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Overbooked: The Exploding Business of Travel and Tourism Hardcover – April 16, 2013
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Top Customer Reviews
Many of the problems she writes about are not new - Americans have been traveling en masse since the 1950s, the days of If It's Tuesday, This Must Be Belgium, when the focus was on buying souvenirs and cramming as many sights into two weeks as possible. The difference now is that instead of fifty tourists on a big bus, it's four thousand tourists of all nationalities on a massive cruise ship. While that is a lot of welcome tourist money spent on trinkets and ice cream cones, the ships create noise and air pollution, as well as the human waste that gets dumped. Suffice it to say - yecch.
It's fair to ask whether it's right to travel in such a way that significantly, and possibly irrevocably, changes the places you are visiting. Some governments limit the amount of tourism - visits to the Galapagos Islands are restricted, otherwise there would be no Galapagos for anyone to visit. But other destinations are unrestricted, such as the Caribbean islands and some of the South Sea Islands. Venice, already at risk from rising waters, has changed drastically since giant cruise ships have been stopping there.
As awful as the prospect of destroying pristine beaches and historic squares is, even worse is the human toll.Read more ›
One billion international tourist trips were taken last year. Tourism is the main source of income for more than a few cities and countries. Becker does an excellent job of elucidating travel as " one of the world's biggest businesses, an often cutthroat, high risk and high profit industry. However the profits of tourism go to large business, illegal organizations, and dictatorships. There are significant risks to the host country in ecological damage, property values inflated past the means of native citizens, exploited labor, and below board activities. For example, the sex tourism of Cambodia and Thailand is a true entity. In fact Cambodia is considering a "genocide trail" featuring the killing fields. Dubai has been built for tourists on the backs of "guest laborers".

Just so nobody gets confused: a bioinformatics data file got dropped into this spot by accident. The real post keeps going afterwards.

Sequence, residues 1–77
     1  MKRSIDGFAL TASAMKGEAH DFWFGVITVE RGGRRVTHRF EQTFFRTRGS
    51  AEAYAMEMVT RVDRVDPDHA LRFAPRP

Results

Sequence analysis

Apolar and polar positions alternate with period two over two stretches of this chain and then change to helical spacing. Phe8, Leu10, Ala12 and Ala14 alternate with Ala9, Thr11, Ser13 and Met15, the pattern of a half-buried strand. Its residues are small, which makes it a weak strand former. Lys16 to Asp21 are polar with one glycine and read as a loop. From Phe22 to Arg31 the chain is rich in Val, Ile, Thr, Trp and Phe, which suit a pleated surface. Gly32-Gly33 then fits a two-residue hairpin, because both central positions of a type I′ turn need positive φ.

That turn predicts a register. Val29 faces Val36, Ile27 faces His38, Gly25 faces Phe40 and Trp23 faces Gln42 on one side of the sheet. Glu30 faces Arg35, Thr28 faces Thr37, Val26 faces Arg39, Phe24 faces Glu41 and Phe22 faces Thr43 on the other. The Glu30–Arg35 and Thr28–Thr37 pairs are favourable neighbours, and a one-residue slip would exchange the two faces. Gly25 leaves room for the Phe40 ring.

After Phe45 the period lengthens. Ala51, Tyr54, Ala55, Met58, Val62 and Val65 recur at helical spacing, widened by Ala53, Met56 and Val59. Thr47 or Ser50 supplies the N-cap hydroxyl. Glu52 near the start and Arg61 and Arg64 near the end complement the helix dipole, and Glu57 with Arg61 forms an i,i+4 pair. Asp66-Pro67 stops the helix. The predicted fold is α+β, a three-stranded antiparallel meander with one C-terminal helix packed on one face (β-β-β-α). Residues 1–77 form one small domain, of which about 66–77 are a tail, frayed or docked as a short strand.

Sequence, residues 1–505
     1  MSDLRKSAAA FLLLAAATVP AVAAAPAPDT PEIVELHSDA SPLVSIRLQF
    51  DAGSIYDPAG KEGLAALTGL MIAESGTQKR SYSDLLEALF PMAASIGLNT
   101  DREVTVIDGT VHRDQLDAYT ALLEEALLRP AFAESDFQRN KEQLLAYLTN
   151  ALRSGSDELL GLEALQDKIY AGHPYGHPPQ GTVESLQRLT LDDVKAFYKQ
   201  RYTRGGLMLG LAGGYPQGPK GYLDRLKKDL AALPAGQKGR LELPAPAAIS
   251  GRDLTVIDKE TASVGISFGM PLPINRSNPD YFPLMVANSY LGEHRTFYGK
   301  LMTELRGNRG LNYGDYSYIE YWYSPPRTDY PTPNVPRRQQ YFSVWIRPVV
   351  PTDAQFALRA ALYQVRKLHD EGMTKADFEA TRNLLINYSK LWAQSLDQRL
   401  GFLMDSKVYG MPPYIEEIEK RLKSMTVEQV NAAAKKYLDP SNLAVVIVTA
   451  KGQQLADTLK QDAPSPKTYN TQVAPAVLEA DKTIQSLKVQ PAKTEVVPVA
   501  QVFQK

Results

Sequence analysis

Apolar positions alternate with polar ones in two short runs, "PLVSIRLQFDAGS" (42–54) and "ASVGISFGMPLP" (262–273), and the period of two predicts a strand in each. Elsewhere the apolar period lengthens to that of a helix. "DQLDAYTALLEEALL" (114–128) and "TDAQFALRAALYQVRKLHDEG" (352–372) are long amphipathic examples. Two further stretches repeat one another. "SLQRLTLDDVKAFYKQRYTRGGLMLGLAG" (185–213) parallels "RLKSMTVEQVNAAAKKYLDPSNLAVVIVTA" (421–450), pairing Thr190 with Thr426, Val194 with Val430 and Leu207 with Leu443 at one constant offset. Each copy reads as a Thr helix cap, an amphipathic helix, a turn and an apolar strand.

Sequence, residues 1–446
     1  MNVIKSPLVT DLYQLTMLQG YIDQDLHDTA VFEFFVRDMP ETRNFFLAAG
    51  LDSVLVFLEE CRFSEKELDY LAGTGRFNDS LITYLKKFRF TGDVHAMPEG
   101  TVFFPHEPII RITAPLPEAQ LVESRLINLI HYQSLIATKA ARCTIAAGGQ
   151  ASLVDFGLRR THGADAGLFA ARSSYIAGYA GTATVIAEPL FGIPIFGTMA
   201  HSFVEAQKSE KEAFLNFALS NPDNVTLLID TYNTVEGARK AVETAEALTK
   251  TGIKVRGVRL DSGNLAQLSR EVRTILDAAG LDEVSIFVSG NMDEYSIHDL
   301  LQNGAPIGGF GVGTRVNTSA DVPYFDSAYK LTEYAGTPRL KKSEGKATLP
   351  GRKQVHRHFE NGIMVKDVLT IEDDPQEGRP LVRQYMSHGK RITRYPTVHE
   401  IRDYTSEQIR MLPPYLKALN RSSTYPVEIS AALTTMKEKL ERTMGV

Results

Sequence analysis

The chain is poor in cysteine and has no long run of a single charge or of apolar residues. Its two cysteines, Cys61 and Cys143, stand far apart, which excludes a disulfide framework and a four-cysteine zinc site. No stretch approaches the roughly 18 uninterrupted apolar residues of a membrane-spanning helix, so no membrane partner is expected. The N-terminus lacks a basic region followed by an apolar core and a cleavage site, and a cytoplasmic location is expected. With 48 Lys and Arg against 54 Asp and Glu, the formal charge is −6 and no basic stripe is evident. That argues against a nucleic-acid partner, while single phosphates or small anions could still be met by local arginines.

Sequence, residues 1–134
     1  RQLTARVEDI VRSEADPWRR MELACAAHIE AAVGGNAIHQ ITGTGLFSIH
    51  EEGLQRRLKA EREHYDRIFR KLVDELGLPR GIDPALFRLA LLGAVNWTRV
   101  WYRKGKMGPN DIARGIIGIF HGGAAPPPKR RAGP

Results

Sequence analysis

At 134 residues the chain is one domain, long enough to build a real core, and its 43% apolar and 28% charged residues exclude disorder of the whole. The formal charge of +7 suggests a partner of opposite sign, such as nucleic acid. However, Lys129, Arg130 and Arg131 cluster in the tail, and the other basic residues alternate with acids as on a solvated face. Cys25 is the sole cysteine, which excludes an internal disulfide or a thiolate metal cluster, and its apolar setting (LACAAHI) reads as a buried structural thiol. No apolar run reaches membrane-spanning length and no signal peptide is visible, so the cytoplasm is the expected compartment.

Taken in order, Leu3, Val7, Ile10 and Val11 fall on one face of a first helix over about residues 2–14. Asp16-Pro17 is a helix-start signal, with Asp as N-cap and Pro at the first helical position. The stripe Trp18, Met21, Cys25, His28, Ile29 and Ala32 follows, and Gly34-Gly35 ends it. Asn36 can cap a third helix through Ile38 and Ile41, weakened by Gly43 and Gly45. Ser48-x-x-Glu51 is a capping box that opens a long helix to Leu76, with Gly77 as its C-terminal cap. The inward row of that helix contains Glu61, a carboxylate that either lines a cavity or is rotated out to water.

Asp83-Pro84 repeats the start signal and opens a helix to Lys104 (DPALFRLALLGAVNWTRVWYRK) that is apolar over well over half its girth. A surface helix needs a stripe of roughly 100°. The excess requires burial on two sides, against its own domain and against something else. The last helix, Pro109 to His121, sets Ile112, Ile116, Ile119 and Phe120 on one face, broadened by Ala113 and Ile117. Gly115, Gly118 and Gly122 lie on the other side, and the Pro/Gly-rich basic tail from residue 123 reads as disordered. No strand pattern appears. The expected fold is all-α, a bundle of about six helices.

Travel is exhilarating and educational. I believe that the pressure of the numbers of tourists have created the "last person on Martha's Vineyard origin. Each person buying into that culture wants no one else accepted for fear of overcrowding. This is a well written book that points out the dangers of unregulated tourism without condemning it as an industry. I did find the writing slow moving at times, but I think this is because multiple nations have made similar mistakes. One of the amusing facts, to me, is that US tourism has gone flat and that Americans are known as the surliest and least welcoming of people. That fact actually never occurred to me.
Overbooked is a comprehensive study of the state of tourism. She hails its successes and points out its failures. She also gives concrete solutions to some of the issues concerning recreational travel.Read more ›
Kudos to Elizabeth for building on years as a keen observer in the field to produce a fantastic tourism resource. Anybody traveling to Angkor Wat or Venice (or anywhere else she covers) should read this book BEFORE they go.
Most Recent Customer Reviews
I am in the travel business and she knows what she is talking about. I am in the midst of reading it but I do recommend it.Published 1 month ago by Barbara Osman
The book explains really well the current situation, but it is quite basic. If you are just getting introduced into the topic is perfect, but if you already have some background... Read morePublished 7 months ago by Amazon Customer
This a well written book. It is well-researched and also provides good anecdotes. It lets you see outcomes of the tourist industry that your rarely have in your mind. Read morePublished 8 months ago by Doctor Doctor
Living in Macau, I see the anger of the locals and the negative impact of the 'tourist boom' here. The same is in Hong Kong. Read morePublished 9 months ago by TTW
I found this book at the library after visiting Florence, Italy in March. I had lived in Florence 20 years ago while in college, and I was stunned at how much it had changed. Read morePublished 9 months ago by sojama
I was disappointed to see Somaly Mam being used as a source for information on Cambodia’s sex trade since she has been exposed as a fraud and forced to resign from her foundation. Read morePublished 11 months ago by Adam
So much information and has been of great value for my university classes.Published 15 months ago by Rafael
If you do some independent research, you will find that this book presents a biased perspective, and at times, entirely false information. Read morePublished 17 months ago by G. Green